Wednesday, April 26, 2017

Captain Kirk: How Pop Culture & Toxic Masculinity Got It Wrong

Kirk:"Leave any bigotry in your quarters. There's
no room for it on the bridge."
The popular collective image of Captain Kirk from the original Star Trek series is that of a brash, impulsive captain who charges in first and asks questions later. Pop culture would have it that Capt. Kirk was also a serial womanizer, bedding alien women across the galaxy.

Popular culture has it completely wrong.

Writing for Strange Horizions, Erin Horakova penned an essay entitled "Freshly Remember'd: Kirk Drift" that looks at just why it's important that these notions be debunked and the conclusions people can draw from them be deconstructed. For example, there's a lot of toxic ideas about what it means to be "macho" if you buy into the "Kirk was a womanizer" narrative:
If your vision of masculinity cannot distinguish between choosing to have sex and situations of dubious consent incurred in the line of duty, it is deeply toxic. You are insisting that men are hyper-sexual, unemotional, and can never be taken advantage of (lest they cease to be strong, compelling men due to their ever having displayed vulnerability)... These misreadings are supported by a subterranean network of ideas about masculinity, pop culture, and the past that consistently reinforce them, hitting refresh on these dank memes. I don’t think all the connections have been made here, and all the implications unfolded.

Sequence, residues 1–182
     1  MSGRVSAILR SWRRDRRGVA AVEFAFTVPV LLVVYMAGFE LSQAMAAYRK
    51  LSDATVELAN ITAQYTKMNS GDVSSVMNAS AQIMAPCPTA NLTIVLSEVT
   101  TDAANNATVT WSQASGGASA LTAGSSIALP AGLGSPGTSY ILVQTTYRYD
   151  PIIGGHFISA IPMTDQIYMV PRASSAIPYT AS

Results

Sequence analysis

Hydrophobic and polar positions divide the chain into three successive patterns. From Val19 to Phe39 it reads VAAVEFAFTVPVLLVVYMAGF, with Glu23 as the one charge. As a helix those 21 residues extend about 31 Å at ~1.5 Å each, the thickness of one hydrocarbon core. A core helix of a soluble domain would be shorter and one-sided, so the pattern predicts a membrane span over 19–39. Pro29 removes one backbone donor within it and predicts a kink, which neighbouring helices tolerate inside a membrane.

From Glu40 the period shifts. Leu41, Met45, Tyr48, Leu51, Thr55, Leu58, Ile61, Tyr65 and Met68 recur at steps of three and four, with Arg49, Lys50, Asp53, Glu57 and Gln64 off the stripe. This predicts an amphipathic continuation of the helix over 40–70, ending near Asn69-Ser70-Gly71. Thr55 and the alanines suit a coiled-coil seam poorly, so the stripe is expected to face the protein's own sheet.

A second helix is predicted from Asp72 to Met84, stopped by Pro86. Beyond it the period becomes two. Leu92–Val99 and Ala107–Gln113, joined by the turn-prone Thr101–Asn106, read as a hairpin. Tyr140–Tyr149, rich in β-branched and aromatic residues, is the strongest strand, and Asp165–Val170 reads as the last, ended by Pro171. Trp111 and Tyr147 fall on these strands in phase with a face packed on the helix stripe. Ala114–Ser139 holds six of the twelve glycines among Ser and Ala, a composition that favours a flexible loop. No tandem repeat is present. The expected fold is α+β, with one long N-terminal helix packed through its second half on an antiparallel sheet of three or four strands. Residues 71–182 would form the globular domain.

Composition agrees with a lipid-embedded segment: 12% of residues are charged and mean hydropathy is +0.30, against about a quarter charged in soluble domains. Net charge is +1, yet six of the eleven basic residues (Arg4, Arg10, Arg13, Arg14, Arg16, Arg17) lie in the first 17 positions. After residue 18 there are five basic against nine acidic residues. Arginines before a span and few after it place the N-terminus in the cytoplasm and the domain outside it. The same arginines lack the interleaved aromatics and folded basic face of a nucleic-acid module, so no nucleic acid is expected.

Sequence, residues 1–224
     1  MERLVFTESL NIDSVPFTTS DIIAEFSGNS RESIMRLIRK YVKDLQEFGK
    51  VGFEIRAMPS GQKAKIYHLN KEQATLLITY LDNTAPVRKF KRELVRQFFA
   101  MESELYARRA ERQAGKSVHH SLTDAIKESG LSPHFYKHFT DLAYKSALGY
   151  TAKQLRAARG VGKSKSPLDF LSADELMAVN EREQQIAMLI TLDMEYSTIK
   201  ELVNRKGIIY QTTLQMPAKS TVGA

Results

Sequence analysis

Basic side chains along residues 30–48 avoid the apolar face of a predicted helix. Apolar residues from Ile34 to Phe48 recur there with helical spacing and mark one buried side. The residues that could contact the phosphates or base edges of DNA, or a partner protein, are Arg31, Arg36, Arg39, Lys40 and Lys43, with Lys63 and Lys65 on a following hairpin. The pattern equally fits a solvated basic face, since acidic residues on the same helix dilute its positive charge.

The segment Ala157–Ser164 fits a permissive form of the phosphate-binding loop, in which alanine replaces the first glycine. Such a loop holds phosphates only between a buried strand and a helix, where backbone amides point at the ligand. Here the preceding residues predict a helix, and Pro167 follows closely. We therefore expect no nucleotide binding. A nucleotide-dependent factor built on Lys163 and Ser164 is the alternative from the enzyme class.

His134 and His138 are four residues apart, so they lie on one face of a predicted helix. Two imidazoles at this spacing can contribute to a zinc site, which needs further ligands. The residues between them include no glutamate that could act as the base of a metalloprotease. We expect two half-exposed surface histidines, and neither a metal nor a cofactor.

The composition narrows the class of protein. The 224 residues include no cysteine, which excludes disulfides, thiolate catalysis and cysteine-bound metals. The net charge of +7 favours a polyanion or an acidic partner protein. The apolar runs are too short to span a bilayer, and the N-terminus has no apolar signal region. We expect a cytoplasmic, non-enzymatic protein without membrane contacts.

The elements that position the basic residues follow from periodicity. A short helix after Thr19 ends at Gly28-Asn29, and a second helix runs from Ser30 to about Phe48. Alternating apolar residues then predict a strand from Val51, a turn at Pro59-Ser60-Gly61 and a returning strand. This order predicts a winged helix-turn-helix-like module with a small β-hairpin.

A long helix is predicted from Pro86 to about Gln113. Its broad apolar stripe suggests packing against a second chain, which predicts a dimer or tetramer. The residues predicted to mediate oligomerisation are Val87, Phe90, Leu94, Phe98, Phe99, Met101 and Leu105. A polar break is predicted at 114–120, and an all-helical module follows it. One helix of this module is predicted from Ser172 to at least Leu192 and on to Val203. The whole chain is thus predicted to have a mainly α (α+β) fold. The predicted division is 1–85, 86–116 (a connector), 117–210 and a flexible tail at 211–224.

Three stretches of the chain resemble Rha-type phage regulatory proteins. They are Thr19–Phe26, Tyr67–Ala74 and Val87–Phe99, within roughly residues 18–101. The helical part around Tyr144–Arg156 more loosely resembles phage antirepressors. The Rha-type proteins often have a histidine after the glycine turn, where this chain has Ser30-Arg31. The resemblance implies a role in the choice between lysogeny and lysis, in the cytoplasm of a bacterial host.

Horakova outlines many instances of what she calls "Kirk Drift"-- the difference between what people think Capt Kirk did and Star Trek portrayed, and what actually aired. How these misconceptions not only inform the average person's idea of what Star Trek was, but what the reboot thinks Star Trek should be, How the ideas trickle down, changing and erasing everything from science fiction's attitudes to concepts of what it means to be a man to expressions of Jewish masculinity. Why should we care? hhhh makes the case thusly:
All texts run the danger, even if they’ve worked hard to be progressive, or if they yield easily to positive interpretations, of being “rewritten” in the world and even in our minds. In relation to her own work, novelist Dr. Nnedi Okorafor says that “what I really want to discuss is the whitewashing battle in many readers' minds. The one that turns characters white upon reading them so the reader is more comfortable.” Her work, like all work that comes from a place of or offers any potential for alterity, is at risk of being “colonised” by conservative narrative reclamations operating via the mechanism of mismemory. It is not enough for a text to be progressive; its memory must also be defended against this decay.

The entire essay is well-written, thoroughly sourced and a fascinating read. Grab the whole article here.

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